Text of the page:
Cons

  • Build and maintain costly ETL jobs to move data from the warehouse to first-gen product analytics tools, since these tools can’t work directly off the data warehouse. 
  • Violates your core architectural principle of warehouse centricity and data not moving out of your enterprise store. Security and governance risk exposure with critical customer data going off to a vendor’s black-box SaaS service.
  • Numbers often don’t match between Tableau and Amplitude because they are working off different copies of data. Weeks spent in reconciliation of conflicting numbers. Don’t trust the numbers in the product analytics tool because it is often working with stale or incomplete copies of the master data in the warehouse. Can never put this in front of the C-suite.
  • Event-based pricing of product analytics tools like Amplitude makes it prohibitively expensive. No easy way to delete unused events. You unnecessarily pay for events whether anyone uses it or not. Huge effort every month to figure out what events to send to the product analytics tool (and what not to), to control costs.
  • Since the first-gen tool was designed with a specific data model and a single-table compute system, you cannot go beyond basic templated reporting. Ad hoc exploratory analytics, particularly with additional business context such as Accounts, Contracts, Tickets, Support Calls etc. is impossible to do. As a result, data from the tool has to be ETL-ed out to the data warehouse for further analysis by data engineering teams. Additional ETL headaches.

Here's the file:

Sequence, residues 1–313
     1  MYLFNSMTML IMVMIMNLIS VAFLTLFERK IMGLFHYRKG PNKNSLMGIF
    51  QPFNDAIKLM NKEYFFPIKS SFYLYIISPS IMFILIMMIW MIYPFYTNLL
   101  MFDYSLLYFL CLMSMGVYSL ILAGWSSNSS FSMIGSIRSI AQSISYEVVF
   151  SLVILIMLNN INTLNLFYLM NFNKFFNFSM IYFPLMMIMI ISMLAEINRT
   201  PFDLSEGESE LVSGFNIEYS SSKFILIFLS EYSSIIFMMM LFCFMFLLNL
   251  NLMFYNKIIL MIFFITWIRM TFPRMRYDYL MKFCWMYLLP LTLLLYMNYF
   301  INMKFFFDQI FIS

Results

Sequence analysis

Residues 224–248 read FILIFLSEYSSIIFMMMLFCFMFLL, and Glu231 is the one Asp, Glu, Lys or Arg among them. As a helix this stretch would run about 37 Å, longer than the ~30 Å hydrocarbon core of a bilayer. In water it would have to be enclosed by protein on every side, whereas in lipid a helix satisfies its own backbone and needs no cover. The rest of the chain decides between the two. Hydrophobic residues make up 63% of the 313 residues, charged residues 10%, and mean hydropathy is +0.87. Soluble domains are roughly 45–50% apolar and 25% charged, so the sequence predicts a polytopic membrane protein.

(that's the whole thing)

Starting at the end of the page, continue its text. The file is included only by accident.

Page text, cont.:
• Business teams start with the first-gen tools but quickly hit a wall; have to call upon data engineering to export data out and write custom, one-off reports that could take weeks. You end up with fragmented analytics in two separate systems.

Buy Scenario 2:

I want to buy a next-generation product analytics tool that doesn’t force me to move data out of my data warehouse.

Check out NetSpring for a self-service product analytics tool that doesn’t force you to move data out of your data warehouse. We are the first truly warehouse-native product analytics platform – no data ever leaves your secure data warehouse

Figure 2: Next-Generation Product Analytics with NetSpring

NetSpring brings the ad hoc analytical power of BI to the world of product analytics. With rich product analytics templates and visual ad hoc data exploration capabilities, NetSpring enables business users to self-serve for even their advanced needs. Build complex funnels across event streams with conditional stages, all in a no-code environment, versus writing pages and pages of gory SQL.

Watch Video: Comparing NetSpring vs. SQL development for building a 4-stage funnel and then adding a filter 

NetSpring automatically generates elegant SQL for the most sophisticated product analytics queries, and also empowers power analysts and data engineers with full SQL support and advanced scripting capabilities. But most of your most sophisticated questions are easily answered within the fully self-service platform.

Sounds too good to be true? Try it out. Sign up for a demo or a free trial today.